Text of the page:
Focusing on the interactions between people and aquatic systems. Engaging with local communities to learn more about the way in which humans affect and are affected by their environment.
Our research focus:
Throughout the world, most of the threats to aquatic and coastal ecosystems are anthropogenic – caused by, for example, the overuse of surface and groundwater, the pollution of fresh and saltwater, resource extraction, and habitat alteration. Recognising the central role that humans play, we focus on the interactions between people and aquatic systems, looking for ways of influencing and/or managing those systems for a sustainable future. Geographically, our research focuses on northern Australia, South East Asia and the Pacific. Working closely with local communities, we combine insights from those ‘on the ground’ with insights from a variety of western-science disciplines to learn more about the way in which humans affect, and are affected by, each other and their environment.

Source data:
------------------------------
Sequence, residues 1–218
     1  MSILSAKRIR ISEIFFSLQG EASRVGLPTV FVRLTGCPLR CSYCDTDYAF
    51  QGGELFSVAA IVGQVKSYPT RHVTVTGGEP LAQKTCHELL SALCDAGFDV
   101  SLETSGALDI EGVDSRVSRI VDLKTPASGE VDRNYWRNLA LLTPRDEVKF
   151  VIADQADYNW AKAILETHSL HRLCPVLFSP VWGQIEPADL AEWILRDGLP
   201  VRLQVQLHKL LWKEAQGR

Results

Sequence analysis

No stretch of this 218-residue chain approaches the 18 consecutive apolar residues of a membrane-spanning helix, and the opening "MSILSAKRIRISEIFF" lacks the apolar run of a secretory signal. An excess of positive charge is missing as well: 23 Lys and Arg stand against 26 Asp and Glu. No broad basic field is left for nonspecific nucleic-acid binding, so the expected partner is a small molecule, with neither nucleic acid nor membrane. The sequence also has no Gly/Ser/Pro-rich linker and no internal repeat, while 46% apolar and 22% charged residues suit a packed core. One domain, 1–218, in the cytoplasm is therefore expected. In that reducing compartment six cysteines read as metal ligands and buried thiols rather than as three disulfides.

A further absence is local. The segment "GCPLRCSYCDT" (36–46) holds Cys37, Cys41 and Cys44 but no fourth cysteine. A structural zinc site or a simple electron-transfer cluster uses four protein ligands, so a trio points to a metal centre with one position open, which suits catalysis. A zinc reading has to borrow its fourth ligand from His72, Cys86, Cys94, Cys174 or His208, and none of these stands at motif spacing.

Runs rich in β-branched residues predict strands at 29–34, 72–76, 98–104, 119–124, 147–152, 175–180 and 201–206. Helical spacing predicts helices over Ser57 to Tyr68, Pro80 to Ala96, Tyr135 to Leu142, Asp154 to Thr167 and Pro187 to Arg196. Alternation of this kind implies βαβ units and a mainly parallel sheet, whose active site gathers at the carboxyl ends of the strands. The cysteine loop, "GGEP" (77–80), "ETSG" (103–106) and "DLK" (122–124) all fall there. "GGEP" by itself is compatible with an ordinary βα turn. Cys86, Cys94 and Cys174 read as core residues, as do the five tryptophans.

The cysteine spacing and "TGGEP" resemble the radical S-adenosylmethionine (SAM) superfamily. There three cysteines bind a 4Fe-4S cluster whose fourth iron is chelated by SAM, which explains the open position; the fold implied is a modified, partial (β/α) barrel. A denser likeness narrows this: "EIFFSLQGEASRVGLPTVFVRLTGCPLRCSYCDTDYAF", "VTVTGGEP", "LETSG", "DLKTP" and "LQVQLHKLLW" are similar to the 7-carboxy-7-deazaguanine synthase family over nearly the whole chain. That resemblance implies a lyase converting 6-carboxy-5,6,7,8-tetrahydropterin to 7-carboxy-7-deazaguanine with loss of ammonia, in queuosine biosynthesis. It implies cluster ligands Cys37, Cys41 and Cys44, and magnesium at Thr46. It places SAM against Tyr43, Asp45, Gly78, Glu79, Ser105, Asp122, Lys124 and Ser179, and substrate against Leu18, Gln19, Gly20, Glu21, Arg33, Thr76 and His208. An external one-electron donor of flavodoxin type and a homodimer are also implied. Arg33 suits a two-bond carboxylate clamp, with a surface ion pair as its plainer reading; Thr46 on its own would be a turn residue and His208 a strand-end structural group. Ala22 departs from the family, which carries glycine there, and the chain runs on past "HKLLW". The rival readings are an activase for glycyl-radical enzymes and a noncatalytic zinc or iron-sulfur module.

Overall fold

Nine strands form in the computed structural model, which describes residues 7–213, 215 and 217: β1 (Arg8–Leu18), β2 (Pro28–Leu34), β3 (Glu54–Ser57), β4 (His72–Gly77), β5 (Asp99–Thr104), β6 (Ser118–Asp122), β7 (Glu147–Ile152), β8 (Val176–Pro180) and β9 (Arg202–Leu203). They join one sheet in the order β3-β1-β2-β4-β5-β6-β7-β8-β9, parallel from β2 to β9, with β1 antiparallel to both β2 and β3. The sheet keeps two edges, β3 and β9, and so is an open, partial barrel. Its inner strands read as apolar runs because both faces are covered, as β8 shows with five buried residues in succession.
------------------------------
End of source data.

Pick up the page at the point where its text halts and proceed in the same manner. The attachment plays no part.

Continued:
From left: Professor Natalie Stoeckl (Theme Leader), Dr Taha Chaiechi, Dr Amy Diedrich, Professor Lynne Eagle, Dr Marina Farr, Dr Michelle Esparon and Dr Brendan Ebner.
Featured research programmes
We are involved in a broad range of projects across northern Australian tropical rivers, the Great Barrier Reef World Heritage Area, the Wet Tropics World Heritage Area, and in the Philippines.